Sports Editor


Sports Editor Claire Thomson discusses how we can transform our bedrooms from a stressful work environment to a tranquil space.

Over the past 18 months, we have come to resent our rooms more and more. It often feels as though we are living our lives purely from this box, doing everything from eating, and sleeping, to studying, and socialising. It is no longer the relaxing space that it once was. Now more than ever before, we must find a way to switch off and think clearly again in the comfort of our own bedroom.

When space is limited it can be hard to separate the room for different purposes, therefore we must be creative and find innovative ways to trick our brains into relaxing. Many of these are very simple and not time consuming for the end of a busy day when you just don’t feel like doing anything. 

"When space is limited it can be hard to separate the room for different purposes..."

Firstly, a switch in lighting can change the mood so quickly. It is more than likely your brain will associate harsh desk lamps and bright lights with stress, concentration and tension. By removing these, automatically you will start to calm down and unwind. There's absolutely nothing wrong with a basic set of fairy lights or LEDs to destimulate the mind and create a stress-free zone. Not only do fairy lights provide soft lighting to aid relaxation but they also look aesthetically pleasing, and they fit most tastes so won't stand out like a sore thumb in your bedroom.

We've all heard the saying: “tidy home, tidy mind”. For some, this is the key to releasing stress at the end of a long day. Personally, I'm not someone who is that bothered by mess or clutter, however, I do like to be organised and plan ahead. For many people, the key to creating a relaxing space is to put the textbooks and notepads out of sight, whereas for me, I prefer to have everything I need for the next day placed on my desk or packed in my bag ready for the morning before I breathe easy. This means that I don't have to worry about where things are and can go to bed knowing that I am organised and good to go.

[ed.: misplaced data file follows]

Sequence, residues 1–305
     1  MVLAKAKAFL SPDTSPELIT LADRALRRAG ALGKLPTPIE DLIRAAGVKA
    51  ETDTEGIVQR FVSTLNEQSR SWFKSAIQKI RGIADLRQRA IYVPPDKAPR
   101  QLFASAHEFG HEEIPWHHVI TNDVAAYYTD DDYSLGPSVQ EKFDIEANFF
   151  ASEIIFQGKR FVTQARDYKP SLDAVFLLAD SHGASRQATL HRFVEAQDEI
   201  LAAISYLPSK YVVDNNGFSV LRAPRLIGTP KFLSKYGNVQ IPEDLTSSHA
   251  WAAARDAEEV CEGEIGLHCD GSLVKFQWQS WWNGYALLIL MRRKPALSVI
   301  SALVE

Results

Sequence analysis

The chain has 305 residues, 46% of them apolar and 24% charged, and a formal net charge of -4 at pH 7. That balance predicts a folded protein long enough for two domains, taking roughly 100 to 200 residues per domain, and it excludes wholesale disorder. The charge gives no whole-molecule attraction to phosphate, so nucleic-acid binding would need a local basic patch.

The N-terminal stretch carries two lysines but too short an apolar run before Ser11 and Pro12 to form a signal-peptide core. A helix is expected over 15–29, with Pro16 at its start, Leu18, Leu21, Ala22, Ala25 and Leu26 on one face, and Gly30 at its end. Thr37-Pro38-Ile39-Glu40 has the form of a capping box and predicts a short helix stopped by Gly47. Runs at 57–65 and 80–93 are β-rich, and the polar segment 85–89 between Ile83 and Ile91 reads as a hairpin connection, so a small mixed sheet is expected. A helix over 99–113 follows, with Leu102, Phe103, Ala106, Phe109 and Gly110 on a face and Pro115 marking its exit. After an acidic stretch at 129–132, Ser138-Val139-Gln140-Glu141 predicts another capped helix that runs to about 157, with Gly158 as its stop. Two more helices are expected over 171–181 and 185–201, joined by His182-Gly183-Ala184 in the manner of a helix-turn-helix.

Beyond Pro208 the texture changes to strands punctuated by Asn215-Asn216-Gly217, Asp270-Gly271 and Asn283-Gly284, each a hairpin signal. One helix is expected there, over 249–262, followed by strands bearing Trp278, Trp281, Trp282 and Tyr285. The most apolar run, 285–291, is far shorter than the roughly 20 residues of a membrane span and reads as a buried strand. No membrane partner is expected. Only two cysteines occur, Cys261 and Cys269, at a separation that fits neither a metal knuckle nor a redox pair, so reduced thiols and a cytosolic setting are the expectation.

Moving to university can be a challenge, and it can be difficult to leave behind the familiarity of home. In my opinion, the warmer that we make our student room feel, and the less empty and stark it is, the more we will be able to relax. Bare walls and few soft furnishings will give your room a classroom or study pod feel, as there is nothing personal or comforting. It absolutely does not have to be showstopping interior decorating, but even just a few photos or prints, some cushions, a rug, or even a plant or two, can add that homely feeling to what would be a very cold environment. That said, these things can also cause distractions and provide a method of procrastination, so it might be a good idea to dedicate an empty space, where your desk is, for example, to avoid stress later on, when you realise you're a little behind on work.

There's no set method to help you relax, and everyone is different. But, remember it is important to have a space that you can relax in, wherever that may be, and however you create it.


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